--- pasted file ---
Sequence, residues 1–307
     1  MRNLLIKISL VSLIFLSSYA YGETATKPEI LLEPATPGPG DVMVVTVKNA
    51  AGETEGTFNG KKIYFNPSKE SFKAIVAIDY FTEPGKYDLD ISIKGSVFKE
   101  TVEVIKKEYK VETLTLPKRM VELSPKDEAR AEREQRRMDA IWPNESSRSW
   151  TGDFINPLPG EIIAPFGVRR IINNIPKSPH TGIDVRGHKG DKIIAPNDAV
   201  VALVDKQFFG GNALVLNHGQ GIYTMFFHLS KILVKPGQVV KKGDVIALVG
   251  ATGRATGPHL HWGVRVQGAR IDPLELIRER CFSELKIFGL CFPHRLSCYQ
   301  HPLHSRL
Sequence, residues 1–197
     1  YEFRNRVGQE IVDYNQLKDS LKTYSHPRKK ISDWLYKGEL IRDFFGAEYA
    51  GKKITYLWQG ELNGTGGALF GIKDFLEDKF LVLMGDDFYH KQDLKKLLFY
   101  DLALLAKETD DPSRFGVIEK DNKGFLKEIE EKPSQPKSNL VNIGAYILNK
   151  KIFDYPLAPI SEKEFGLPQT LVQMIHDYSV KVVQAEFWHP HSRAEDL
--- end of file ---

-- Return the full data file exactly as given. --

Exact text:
Sequence, residues 1–307
     1  MRNLLIKISL VSLIFLSSYA YGETATKPEI LLEPATPGPG DVMVVTVKNA
    51  AGETEGTFNG KKIYFNPSKE SFKAIVAIDY FTEPGKYDLD ISIKGSVFKE
   101  TVEVIKKEYK VETLTLPKRM VELSPKDEAR AEREQRRMDA IWPNESSRSW
   151  TGDFINPLPG EIIAPFGVRR IINNIPKSPH TGIDVRGHKG DKIIAPNDAV
   201  VALVDKQFFG GNALVLNHGQ GIYTMFFHLS KILVKPGQVV KKGDVIALVG
   251  ATGRATGPHL HWGVRVQGAR IDPLELIRER CFSELKIFGL CFPHRLSCYQ
   301  HPLHSRL
Sequence, residues 1–197
     1  YEFRNRVGQE IVDYNQLKDS LKTYSHPRKK ISDWLYKGEL IRDFFGAEYA
    51  GKKITYLWQG ELNGTGGALF GIKDFLEDKF LVLMGDDFYH KQDLKKLLFY
   101  DLALLAKETD DPSRFGVIEK DNKGFLKEIE EKPSQPKSNL VNIGAYILNK
   151  KIFDYPLAPI SEKEFGLPQT LVQMIHDYSV KVVQAEFWHP HSRAEDL